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Publication numberUS5260048 A
Publication typeGrant
Application numberUS 07/877,738
Publication dateNov 9, 1993
Filing dateMay 4, 1992
Priority dateMay 8, 1991
Fee statusPaid
Also published asEP0583366A1, EP0583366A4, WO1992019951A1
Publication number07877738, 877738, US 5260048 A, US 5260048A, US-A-5260048, US5260048 A, US5260048A
InventorsWayne L. Ryan
Original AssigneeStreck Laboratories, Inc.
Export CitationBiBTeX, EndNote, RefMan
External Links: USPTO, USPTO Assignment, Espacenet
Tissue fixative solution and method
US 5260048 A
Abstract
A tissue fixative solution and method is disclosed which comprises a histological fixing composition of diazolidinyl urea, 2-bromo-2-nitropropane-1,3-diol and a water-soluble zinc salt such as zinc sulfate dissolved in a solvent such as water, alcohol or dimethylsulfoxide. The fixative solution of the invention is much less toxic than prior art fixatives and thus can be used more safely, conveniently and effectively than previous solutions in histological techniques. In addition, the fixative solution allows good tissue preservation to be obtained, and because tissue antigens are retained, the fixative is useful for all types of immunostaining procedures.
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Claims(25)
What is claimed is:
1. A fixative solution for tissues and cells comprising histological fixing amounts of the following compounds:
i) diazolidinyl urea;
ii) 2-bromo-2-nitropropane-1,3-diol; and
iii) a water-soluble zinc salt in a solvent selected from the group consisting of water, alcohol, dimethylsulfoxide and mixtures thereof.
2. A fixative solution according to claim 1 further comprising a citrate buffer.
3. A fixative solution according to claim 2 wherein the citrate buffer comprises sodium citrate dihydrate.
4. A fixative solution according to claim 1 wherein the water-soluble zinc salt is selected from the group consisting of zinc sulfate, zinc acetate and zinc chloride.
5. A fixative solution according to claim 4 wherein the water-soluble zinc salt comprises zinc sulfate.
6. A fixative solution according to claim 5 wherein the water-soluble zinc salt comprises zinc sulfate heptahydrate.
7. A fixative solution according to claim 1 wherein the solution is buffered to a pH of about 4-6.
8. A fixative solution according to claim 1 comprising about 1-5% w/v 2-bromo-2-nitropropane-1,3-diol, about 1-6% diazolidinyl urea and about 0.02 to 0.1 g-mol./L zinc salt.
9. A fixative solution according to claim 8 comprising about 3% w/v 2-bromo-2-nitropropane-1,3-diol, about 3% diazolidinyl urea and about 0.05 g-mol./L zinc salt.
10. A fixative solution according to claim 8 further comprising a citrate buffer.
11. A fixative solution according to claim 1 wherein the solvent is water.
12. A fixative solution according to claim 1 wherein the solvent is an alcohol.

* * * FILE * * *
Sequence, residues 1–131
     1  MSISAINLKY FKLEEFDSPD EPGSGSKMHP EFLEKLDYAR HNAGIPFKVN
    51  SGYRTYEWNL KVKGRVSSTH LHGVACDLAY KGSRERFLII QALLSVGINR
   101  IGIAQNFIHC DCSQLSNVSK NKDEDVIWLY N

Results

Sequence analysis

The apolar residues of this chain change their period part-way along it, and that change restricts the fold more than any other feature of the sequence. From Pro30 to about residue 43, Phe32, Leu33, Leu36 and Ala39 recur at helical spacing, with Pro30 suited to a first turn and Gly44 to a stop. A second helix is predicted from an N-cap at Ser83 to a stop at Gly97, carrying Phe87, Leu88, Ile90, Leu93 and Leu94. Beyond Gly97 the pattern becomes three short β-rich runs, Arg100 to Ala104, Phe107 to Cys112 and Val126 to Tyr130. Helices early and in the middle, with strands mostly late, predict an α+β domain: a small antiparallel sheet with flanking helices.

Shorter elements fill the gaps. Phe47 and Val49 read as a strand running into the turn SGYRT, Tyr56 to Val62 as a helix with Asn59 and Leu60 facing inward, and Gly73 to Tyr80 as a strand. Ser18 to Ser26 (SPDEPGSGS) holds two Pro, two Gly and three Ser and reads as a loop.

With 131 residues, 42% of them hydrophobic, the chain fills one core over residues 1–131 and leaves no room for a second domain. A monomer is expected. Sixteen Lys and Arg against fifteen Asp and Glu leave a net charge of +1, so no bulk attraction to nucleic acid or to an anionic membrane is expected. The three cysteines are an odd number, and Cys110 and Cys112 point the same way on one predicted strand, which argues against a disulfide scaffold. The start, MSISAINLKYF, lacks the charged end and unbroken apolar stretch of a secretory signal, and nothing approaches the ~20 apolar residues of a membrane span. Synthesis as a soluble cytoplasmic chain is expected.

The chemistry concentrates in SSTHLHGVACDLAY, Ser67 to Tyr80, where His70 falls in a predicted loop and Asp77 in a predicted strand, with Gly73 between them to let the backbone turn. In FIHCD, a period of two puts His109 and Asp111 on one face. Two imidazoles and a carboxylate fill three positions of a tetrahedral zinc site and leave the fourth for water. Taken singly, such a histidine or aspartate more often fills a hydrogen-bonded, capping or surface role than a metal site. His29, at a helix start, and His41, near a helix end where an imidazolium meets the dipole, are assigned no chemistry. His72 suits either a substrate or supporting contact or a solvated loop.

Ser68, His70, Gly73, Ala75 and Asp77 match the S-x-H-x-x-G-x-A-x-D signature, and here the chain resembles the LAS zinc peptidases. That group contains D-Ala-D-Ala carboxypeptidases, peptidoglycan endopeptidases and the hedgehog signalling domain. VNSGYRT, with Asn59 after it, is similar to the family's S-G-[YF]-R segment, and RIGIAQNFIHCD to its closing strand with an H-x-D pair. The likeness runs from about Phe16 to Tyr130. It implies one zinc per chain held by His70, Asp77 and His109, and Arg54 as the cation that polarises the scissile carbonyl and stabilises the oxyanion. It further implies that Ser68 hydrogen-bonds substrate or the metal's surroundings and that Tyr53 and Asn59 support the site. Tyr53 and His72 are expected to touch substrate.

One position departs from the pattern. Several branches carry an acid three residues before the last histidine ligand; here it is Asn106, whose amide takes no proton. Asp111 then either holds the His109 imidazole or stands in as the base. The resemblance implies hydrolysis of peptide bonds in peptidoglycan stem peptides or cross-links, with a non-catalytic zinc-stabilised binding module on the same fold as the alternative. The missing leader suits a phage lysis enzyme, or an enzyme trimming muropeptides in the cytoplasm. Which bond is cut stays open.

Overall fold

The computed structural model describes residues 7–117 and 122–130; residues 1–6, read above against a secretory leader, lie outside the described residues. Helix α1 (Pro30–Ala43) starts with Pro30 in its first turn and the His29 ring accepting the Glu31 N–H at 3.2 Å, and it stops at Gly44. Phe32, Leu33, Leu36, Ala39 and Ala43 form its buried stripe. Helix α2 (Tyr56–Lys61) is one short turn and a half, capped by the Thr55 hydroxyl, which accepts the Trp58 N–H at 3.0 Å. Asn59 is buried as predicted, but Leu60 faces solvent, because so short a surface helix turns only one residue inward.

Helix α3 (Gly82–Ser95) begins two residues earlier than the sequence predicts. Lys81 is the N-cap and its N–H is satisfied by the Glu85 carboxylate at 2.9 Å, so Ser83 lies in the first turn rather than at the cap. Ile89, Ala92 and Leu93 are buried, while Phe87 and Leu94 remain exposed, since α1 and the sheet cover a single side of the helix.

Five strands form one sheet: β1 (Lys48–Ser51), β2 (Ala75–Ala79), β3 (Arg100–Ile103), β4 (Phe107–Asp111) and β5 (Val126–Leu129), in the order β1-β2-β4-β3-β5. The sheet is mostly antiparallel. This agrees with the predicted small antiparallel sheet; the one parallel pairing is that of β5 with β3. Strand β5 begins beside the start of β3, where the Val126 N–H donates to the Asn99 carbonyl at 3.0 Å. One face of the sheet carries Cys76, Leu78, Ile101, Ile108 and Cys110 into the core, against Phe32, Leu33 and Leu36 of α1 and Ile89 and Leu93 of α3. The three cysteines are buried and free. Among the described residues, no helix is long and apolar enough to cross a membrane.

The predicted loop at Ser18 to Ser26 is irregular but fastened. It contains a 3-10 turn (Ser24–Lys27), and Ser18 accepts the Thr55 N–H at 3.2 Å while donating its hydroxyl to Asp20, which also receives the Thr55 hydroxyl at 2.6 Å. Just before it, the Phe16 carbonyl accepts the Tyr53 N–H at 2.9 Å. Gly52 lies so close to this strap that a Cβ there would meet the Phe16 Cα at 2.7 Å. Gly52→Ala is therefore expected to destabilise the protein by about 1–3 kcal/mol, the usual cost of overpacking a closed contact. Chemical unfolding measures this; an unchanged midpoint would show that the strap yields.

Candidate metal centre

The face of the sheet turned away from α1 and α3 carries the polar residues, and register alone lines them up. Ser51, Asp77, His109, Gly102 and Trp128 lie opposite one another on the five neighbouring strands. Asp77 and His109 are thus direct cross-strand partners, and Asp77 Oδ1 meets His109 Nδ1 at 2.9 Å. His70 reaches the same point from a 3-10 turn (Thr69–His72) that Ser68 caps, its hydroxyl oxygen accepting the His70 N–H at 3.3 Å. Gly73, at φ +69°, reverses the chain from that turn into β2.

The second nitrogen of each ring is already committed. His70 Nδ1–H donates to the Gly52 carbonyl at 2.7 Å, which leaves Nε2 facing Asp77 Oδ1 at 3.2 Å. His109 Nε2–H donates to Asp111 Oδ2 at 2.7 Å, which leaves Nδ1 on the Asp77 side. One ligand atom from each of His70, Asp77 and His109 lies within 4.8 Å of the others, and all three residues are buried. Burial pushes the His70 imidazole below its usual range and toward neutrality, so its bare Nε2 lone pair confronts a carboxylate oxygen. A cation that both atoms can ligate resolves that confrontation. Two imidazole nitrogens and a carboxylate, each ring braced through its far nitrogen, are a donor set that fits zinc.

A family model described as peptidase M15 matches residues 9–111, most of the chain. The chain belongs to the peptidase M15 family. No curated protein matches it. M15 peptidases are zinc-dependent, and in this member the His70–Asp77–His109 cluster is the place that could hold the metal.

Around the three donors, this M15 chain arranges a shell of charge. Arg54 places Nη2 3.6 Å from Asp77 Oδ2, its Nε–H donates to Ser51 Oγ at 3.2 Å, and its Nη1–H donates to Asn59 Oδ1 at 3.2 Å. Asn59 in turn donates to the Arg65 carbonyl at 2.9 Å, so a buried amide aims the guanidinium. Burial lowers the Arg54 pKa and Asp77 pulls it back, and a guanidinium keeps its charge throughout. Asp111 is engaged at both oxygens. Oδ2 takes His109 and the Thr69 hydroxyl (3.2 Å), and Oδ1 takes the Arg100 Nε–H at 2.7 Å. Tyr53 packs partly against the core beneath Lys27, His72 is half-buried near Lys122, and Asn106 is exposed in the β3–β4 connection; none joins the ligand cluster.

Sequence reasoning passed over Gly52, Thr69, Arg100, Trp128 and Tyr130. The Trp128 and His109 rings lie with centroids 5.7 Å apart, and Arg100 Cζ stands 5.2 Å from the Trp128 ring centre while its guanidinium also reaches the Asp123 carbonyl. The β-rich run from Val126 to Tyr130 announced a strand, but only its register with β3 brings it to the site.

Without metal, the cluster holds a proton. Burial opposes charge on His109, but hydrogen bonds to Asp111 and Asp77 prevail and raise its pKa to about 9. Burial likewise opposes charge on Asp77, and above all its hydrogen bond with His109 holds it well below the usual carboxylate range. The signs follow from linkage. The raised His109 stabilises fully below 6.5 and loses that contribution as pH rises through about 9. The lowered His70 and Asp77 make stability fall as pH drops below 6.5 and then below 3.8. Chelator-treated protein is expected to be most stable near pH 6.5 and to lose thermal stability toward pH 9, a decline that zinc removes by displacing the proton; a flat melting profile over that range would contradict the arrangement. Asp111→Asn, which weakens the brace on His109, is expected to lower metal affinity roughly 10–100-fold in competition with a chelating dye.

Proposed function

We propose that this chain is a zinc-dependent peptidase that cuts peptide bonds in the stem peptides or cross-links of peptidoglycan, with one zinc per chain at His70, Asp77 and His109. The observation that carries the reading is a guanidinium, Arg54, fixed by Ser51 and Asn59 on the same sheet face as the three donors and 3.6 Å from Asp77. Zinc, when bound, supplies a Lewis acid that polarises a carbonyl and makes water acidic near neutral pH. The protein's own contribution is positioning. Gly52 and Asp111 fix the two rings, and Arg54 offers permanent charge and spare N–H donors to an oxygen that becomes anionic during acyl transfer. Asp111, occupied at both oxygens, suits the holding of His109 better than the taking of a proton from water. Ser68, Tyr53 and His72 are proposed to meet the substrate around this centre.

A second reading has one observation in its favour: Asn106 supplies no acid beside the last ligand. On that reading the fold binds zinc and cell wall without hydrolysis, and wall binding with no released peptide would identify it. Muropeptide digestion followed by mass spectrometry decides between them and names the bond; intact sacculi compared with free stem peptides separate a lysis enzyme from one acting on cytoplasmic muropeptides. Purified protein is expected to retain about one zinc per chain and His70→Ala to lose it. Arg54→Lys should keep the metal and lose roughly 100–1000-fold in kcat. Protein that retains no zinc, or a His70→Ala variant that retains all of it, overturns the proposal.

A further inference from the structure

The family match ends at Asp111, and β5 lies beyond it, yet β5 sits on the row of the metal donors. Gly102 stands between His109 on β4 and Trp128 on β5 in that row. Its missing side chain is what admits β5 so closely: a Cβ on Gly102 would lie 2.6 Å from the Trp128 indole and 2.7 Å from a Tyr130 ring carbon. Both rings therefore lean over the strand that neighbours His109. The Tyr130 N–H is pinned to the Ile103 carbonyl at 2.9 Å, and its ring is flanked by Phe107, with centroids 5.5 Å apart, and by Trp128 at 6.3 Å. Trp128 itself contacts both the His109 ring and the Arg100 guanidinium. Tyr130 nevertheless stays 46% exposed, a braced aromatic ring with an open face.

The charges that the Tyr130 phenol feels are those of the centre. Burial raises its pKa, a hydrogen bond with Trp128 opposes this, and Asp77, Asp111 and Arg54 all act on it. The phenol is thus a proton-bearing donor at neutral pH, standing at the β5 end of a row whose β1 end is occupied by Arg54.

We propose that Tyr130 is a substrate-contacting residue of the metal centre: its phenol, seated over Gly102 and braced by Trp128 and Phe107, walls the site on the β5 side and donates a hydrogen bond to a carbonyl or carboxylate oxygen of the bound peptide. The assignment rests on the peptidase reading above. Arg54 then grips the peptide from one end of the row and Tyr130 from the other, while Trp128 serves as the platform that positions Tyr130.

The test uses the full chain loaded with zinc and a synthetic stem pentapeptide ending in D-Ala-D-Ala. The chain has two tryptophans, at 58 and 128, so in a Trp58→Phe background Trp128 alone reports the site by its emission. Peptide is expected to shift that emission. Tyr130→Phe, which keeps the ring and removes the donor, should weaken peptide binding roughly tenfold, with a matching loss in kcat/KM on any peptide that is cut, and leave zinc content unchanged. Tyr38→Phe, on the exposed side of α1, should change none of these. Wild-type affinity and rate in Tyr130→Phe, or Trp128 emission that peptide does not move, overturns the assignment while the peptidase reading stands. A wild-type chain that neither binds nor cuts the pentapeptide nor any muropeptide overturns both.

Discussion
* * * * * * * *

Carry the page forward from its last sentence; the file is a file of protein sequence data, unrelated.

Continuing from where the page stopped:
13. A fixative solution according to claim 1 comprising the following ingredients:
i) about 20-40 grams of diazolidinyl urea;
ii) about 20-40 grams of 2-bromo-2-nitropropane-1,3-diol; and
iii) about 10-15 grams of a zinc salt dissolved in about 1000 ml of distilled water.
14. A fixative solution according to claim 13 further comprising about 2-6 grams of a citrate buffer.
15. A fixative solution according to claim 13 comprising the following ingredients:
i) about 30 grams of diazolidinyl urea;
ii) about 30 grams of 2-bromo-2-nitropropane-1,3-diol; and
iii) about 12 grams of a zinc salt dissolved in about 1000 ml of distilled water.
16. A fixative solution according to claim 15 further comprising about 3 grams of a citrate buffer.
17. In a method of fixing tissues or cells by treating same with a histological fixative, the improvement comprising employing as said histological fixative a composition comprising:
i) diazolidinyl urea;
ii) 2-bromo-2-nitropropane-1,3-diol; and
iii) a water-soluble zinc salt.
18. The method according to claim 17 wherein the composition further comprises a citrate buffer.
19. The method according to claim 18 wherein the citrate buffer comprises sodium citrate dihydrate.
20. The method according to claim 17 wherein the water-soluble zinc salt is selected from the group consisting of zinc sulfate, zinc acetate and zinc chloride.
21. The method according to claim 20 wherein the water-soluble zinc salt comprises zinc sulfate.
22. The method according to claim 21 wherein the zinc salt comprises zinc sulfate heptahydrate.
23. The method according to claim 17 wherein the composition is dissolved in a solvent selected from water, an alcohol and mixtures thereof.
24. The method according to claim 23 wherein the composition comprises about 1-5% w/v 2-bromo-2-nitropropane-1,3-diol, about 1-6% diazolidinyl urea and about 0.05 g-mol./L zinc salt.